1.00 ozs 11.92 Cluster 60 mins 7.00

1.00 ozs 9.16 Cluster 20 mins 7.00

1.00 ozs 2.38 Cluster 5 mins 7.00


Amount Name Laboratory / ID

4.00 pkg Saflager W-34/70 Fermentis W-34/70


Single Hop #5: Calypso and Lancaster Brewers SMASH Experiment

IMG_0295My next batch is going be part of my homebrew club’s next experiment.  I’m also going to go ahead and count it as number five in my single hop series.  The club bought a bunch of newer varieties of hops and came up with a recipe.  Everyone was given the opportunity to pick one of the varieties of hops and brew the recipe with them.  I ended up with Calypso hops.

The recipe is a SMASH beer, with a single type of malt and one variety of hop.  The malt is Briess 2 Row Pale Malt.  This is a pretty basic base malt.  It is definitely not without character and flavor, but it isn’t something that is normally given center stage.  Despite being the only malt here, that is still the case.  While we’re calling this a SMASH experiment, the real goal is to test out these different hops and the single malt is just an attempt give them as much room as possible to shine.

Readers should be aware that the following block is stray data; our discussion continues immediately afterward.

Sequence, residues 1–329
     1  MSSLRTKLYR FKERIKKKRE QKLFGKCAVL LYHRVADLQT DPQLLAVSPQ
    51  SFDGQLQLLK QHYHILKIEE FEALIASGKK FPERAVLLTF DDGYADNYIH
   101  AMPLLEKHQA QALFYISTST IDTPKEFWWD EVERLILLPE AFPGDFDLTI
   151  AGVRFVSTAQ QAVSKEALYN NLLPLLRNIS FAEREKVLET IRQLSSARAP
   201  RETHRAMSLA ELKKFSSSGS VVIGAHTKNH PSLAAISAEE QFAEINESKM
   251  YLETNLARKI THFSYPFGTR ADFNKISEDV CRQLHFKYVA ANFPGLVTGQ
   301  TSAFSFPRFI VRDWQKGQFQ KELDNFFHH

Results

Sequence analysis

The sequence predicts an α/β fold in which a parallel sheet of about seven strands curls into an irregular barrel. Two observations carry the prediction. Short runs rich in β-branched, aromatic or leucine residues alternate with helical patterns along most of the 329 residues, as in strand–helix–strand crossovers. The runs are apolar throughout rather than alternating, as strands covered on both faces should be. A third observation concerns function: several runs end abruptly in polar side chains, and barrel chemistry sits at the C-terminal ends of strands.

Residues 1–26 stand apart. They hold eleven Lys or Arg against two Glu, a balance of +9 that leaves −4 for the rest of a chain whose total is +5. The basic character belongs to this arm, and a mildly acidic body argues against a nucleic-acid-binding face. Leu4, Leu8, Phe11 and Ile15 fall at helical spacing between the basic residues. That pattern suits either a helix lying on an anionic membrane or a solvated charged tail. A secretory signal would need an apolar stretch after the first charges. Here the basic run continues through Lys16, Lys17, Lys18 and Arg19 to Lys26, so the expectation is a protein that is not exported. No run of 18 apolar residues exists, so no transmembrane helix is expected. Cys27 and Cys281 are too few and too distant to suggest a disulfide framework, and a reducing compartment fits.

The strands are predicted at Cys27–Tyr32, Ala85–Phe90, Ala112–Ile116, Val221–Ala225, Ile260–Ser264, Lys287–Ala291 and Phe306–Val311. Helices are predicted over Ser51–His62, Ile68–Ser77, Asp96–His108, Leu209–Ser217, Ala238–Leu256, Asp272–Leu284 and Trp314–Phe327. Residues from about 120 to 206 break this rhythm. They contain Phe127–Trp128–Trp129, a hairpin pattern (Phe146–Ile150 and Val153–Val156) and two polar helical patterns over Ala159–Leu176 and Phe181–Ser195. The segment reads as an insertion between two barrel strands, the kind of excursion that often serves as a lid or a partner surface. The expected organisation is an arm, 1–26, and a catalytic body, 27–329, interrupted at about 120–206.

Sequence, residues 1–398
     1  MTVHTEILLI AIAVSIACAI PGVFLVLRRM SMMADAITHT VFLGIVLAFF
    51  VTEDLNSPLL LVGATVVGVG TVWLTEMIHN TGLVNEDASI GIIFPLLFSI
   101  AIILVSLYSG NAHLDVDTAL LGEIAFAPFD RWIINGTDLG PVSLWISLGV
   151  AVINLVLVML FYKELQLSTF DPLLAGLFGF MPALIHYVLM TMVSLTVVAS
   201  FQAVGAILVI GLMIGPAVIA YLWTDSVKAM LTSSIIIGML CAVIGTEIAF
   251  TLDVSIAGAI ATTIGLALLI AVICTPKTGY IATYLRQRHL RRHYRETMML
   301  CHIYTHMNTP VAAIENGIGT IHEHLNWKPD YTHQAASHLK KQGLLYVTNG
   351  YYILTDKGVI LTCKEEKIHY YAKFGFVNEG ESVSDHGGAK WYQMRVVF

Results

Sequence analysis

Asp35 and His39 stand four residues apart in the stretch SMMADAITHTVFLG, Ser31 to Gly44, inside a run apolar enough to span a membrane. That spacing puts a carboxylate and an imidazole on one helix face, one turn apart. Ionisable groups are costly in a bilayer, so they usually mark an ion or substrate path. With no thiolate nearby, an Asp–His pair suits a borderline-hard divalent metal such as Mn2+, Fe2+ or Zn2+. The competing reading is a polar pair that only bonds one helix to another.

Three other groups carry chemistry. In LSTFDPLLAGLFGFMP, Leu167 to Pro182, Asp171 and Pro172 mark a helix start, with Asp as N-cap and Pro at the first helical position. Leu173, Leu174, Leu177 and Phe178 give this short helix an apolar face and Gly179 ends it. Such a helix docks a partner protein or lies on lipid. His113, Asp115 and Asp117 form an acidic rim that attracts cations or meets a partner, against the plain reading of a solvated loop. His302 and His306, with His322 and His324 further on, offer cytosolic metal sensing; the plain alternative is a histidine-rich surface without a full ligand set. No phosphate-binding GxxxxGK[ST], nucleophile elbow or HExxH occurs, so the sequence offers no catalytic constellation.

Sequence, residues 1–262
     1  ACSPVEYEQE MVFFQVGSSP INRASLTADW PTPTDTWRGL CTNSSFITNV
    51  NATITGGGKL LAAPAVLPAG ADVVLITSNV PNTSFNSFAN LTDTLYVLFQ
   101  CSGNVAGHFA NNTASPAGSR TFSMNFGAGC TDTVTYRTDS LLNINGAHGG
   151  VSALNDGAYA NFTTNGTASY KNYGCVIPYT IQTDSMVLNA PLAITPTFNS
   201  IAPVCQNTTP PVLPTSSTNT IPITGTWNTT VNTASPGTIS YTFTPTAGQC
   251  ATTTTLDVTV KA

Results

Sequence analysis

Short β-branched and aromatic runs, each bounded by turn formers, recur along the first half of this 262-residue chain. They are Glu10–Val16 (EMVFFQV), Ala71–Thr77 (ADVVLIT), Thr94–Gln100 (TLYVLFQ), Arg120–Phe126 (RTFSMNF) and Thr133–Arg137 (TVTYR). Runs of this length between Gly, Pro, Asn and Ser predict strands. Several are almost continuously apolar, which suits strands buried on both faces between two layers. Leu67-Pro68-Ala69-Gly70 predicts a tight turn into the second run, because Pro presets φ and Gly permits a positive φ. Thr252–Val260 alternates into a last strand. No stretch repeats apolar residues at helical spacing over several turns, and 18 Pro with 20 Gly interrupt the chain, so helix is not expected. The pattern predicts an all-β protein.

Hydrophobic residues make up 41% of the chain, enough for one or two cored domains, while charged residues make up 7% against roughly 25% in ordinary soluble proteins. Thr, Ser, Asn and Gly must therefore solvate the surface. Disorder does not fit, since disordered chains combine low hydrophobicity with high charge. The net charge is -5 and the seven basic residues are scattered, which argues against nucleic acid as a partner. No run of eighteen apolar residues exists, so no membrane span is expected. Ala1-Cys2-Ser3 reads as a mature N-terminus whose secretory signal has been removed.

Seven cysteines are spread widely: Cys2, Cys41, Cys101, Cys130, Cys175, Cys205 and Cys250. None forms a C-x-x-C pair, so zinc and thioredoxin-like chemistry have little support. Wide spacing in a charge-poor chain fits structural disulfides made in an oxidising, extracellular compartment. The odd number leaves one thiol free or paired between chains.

As with seemingly all new American beers, I’d call this beer, by default, an IPA.  It is on the lower end of the gravity scale for that style, but otherwise it fits in pretty neatly.  The hop schedule is the same for each version, which makes me nervous for mine.

These Calypso hops are listed at 15.4% Alpha Acid.  With the schedule called for in the recipe, that calculates to a crushing 114 IBUs.  While realistically, I won’t get nearly that much efficiency, this is still going to be a very bitter beer for the approximately 5% ABV provided by the malts.

These hops are described online as having aroma similar to pears and apples.  It was bred through some other experimental hops and Nugget.  I will admit to not knowing much about the hop breeding process, but yes, Nugget.  That is about all I got out of reading a few paragraphs about the breeding of this hop.  Nugget was in there somewhere.  Nugget is definitely not known for fruity, pear and apple like flavors and aromas, so those other, unreleased hops must have contributed most of the final character.

I am planning to brew this beer tomorrow, March 4.  The club will be sampling all of the different versions at our meeting on April 29.  I don’t have much else to say about this beer until then.  Once my version is ready, I’ll try to post tasting notes for it before the meeting, before I am influenced by the other versions.  Then, of course I’ll have a big post about all the different versions.  The recipe, in the form of a phone pic of the handout, is below.